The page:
Do you know adults who are taking advantage of these benefits? What has their experience been like?

How do you see Basic Skills as a Work Benefit programs fitting with Career Pathways?


David J. Rosen, Moderator

LINCS CoP Integrating Technology group







It's interesting to see more and more employers working to support employees (part-time and full-time) in continuing their education.  Similar to McDonald's, Starbucks has a partnership with Arizona State University (ASU Online) to help employees earn a post-secondary education.  What's unique about Lyft's announcement is that their program works with both learners who have a secondary credential, and those who do not yet have one.  Both Starbucks and Lyft's education benefits are available to employees early in their career.  Starbucks says there is no delay in accessing this benefit.  Lyft requires only 10 rides to be completed before accessing its educational benefit.  Both state that there is no 'pay off period' that employees must work after they have completed their education.  Furthermore, both also provide academic advising and coaching services to their employees through these programs.  Based on this level of support from these for-profit businesses, it's clear that their investment is not only doing good by their employees, but it must also make good business sense for their bottom line. 

It will be interesting to see their longitudinal outcomes in terms of educational gains for employees, and how these compare with non-employer-supported programs.  If it turns out that we - employers and adult educators - are supporting learner gains at equal levels, it may change the landscape of adult education, for the better.  What do others think?  Is the role of big business in adult and post-secondary education something that you're welcoming, or something that you're cautiously watching?

Mike Cruse

Career Pathways Moderator 



It would be interesting to see if the employees of the said companies were able to access the FREE adult education and literacy opportunities in their said area.  It would also be interesting to see is how many of those employees have "stop-out" of their educational benefits and if they have consequences.  In our area, the "role of big business" is trying to make partners in their educational experiences for their employees.  Our goal is to offer the FREE benefit to the company like selling ourselves or should we find ways to "market" our program better and in our eleven county area?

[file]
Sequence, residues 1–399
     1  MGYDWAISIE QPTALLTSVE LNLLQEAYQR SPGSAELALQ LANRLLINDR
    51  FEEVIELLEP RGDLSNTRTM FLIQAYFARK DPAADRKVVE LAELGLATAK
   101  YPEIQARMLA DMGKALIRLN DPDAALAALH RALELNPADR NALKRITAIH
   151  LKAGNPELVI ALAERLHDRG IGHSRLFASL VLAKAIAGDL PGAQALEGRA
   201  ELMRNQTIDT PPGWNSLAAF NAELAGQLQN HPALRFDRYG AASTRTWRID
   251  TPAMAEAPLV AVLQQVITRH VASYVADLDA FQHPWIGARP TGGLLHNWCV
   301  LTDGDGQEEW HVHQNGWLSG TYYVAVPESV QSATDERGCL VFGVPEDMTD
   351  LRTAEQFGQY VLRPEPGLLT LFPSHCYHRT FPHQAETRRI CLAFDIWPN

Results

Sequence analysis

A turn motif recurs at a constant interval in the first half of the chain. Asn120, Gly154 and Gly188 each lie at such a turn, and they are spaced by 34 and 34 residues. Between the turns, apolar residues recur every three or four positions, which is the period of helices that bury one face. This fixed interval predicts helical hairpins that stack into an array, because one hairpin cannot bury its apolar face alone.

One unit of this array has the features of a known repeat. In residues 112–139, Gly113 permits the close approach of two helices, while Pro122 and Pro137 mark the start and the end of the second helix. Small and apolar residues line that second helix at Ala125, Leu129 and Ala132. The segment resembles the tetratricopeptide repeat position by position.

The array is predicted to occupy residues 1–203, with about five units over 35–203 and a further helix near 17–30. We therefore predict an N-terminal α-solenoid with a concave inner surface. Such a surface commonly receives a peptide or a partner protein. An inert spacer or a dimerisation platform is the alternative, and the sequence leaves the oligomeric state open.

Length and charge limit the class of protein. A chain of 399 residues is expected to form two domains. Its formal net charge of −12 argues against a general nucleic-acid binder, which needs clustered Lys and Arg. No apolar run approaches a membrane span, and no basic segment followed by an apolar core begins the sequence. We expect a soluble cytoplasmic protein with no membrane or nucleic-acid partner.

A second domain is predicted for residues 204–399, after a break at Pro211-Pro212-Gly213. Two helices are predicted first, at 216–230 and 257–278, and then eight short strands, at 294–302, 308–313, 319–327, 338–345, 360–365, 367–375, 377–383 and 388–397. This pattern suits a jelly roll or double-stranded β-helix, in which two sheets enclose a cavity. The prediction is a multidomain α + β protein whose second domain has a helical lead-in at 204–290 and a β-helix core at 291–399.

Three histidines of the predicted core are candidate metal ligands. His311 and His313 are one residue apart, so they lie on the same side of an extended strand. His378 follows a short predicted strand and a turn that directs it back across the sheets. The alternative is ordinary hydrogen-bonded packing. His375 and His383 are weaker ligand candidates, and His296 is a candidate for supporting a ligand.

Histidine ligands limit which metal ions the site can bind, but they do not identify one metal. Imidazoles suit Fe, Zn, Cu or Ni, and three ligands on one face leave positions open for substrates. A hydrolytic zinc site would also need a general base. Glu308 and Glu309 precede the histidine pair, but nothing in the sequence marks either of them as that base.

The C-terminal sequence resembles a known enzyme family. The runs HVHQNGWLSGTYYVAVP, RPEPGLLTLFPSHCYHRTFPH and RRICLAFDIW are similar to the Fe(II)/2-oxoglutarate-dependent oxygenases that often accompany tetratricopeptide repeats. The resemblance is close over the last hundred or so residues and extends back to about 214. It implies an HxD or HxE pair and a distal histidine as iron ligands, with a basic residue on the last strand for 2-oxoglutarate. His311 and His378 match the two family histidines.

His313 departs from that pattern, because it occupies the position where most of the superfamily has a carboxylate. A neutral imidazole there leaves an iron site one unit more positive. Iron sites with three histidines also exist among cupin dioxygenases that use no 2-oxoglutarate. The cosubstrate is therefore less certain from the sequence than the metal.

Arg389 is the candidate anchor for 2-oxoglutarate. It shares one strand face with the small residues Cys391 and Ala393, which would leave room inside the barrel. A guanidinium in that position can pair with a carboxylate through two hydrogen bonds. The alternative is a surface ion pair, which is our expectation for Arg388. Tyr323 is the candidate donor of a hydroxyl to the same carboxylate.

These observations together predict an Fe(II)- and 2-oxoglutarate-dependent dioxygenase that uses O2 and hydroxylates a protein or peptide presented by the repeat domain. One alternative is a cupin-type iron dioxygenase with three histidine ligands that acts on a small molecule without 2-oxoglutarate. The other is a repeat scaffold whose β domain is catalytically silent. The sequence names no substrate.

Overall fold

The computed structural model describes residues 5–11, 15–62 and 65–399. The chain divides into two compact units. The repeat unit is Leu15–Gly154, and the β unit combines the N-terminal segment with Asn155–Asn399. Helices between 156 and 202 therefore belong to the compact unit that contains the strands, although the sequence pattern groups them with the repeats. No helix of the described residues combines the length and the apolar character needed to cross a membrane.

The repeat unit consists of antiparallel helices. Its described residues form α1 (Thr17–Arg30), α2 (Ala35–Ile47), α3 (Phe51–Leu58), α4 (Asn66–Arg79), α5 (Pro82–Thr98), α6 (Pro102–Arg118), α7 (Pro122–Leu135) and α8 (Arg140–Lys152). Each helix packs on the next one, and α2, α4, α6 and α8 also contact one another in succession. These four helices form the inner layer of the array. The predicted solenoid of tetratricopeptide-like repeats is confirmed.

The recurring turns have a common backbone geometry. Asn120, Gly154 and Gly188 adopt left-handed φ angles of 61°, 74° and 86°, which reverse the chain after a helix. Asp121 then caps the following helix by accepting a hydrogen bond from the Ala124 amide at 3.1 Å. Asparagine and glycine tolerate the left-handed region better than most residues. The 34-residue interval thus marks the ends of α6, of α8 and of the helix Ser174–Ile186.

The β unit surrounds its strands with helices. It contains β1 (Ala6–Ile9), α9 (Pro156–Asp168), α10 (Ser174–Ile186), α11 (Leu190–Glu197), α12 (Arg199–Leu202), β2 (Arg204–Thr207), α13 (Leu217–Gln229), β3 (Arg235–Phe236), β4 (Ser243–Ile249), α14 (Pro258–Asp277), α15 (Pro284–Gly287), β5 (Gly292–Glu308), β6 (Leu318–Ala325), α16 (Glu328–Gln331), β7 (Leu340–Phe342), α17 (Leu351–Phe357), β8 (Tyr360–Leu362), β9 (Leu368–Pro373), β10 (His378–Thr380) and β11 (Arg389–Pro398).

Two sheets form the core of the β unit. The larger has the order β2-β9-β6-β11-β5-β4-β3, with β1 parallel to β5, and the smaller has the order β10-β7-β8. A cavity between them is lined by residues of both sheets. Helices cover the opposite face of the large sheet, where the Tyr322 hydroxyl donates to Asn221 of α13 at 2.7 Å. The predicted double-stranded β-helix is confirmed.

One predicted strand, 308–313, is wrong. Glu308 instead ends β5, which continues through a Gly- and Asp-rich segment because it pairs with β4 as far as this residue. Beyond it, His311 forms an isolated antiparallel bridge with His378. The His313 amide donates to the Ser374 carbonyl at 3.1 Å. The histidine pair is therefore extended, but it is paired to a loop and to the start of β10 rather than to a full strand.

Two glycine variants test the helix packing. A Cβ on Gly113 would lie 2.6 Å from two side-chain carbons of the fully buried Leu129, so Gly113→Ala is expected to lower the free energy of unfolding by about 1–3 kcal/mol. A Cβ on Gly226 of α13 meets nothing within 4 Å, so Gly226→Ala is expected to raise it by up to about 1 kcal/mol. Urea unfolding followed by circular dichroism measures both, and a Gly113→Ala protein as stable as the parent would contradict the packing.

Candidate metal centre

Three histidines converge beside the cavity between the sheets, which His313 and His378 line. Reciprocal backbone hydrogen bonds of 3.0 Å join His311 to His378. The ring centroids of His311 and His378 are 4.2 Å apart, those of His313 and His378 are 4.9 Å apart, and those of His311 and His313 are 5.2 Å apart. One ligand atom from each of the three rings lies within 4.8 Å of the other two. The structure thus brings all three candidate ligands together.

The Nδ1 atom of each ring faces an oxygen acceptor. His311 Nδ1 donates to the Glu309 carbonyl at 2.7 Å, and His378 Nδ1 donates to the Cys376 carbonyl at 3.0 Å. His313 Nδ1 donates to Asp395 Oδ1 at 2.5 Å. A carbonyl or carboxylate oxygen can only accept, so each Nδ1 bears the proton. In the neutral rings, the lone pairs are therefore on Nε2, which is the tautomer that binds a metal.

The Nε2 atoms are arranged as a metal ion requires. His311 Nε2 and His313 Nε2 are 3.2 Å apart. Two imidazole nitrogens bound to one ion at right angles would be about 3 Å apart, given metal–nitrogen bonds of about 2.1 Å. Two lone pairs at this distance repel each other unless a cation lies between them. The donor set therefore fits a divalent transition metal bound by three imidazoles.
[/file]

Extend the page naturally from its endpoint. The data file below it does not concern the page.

Thanks for the opportunity to reply,

Tiffany Lee

David et al, please add my pumarosa program which now includes lessons on Pumarosa is available on disc and I am now in the process of putting all my other lessons on CDs and DVDs. These lessons include texts and video. And if students do not own computers, they can find a used computer for less than $50 or less. There is a program called Computers for Families that provides low-cost or free computers to low-income families. Soon I hope to have access to funds to start a similar program.

If you think that your Spanish speaking students could benefit from my program, please email me and I will send some CDs and DVDs at cost.

Paul Rogers


Hello Paul,

Of course I am aware of Pumarosa.  However, do you have agreements with employers to support its use with their employees or contract workers as a work benefit? If this discussion does eventually produce a list of online distance and blended learning basic skills education opportunities, it will include only those whose costs are supported by employers as a work benefit. I believe that Pumarosa is available free (correct?), but  I wonder if employers would support its use with employees who need to learn English by providing access to computers at work or paying for the purchase or long-term loans of portable digital devices such as smartphones, chromebooks or tablets, and by picking up the ISP costs of employees to access the Internet at home. Are you already working with employers to do that?

David J. Rosen




David J. Rosen